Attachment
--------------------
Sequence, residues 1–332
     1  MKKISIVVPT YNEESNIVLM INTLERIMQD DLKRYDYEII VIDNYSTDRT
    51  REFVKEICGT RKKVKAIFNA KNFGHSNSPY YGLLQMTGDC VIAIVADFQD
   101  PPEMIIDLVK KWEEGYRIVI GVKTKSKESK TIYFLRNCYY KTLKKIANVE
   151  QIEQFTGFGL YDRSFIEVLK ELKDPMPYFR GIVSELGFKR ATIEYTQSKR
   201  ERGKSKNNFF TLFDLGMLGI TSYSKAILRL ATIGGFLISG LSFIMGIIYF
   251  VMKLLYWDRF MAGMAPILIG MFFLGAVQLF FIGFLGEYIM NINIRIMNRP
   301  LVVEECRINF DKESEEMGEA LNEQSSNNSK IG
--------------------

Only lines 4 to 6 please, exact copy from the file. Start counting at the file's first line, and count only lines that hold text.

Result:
   101  PPEMIIDLVK KWEEGYRIVI GVKTKSKESK TIYFLRNCYY KTLKKIANVE
   151  QIEQFTGFGL YDRSFIEVLK ELKDPMPYFR GIVSELGFKR ATIEYTQSKR
   201  ERGKSKNNFF TLFDLGMLGI TSYSKAILRL ATIGGFLISG LSFIMGIIYF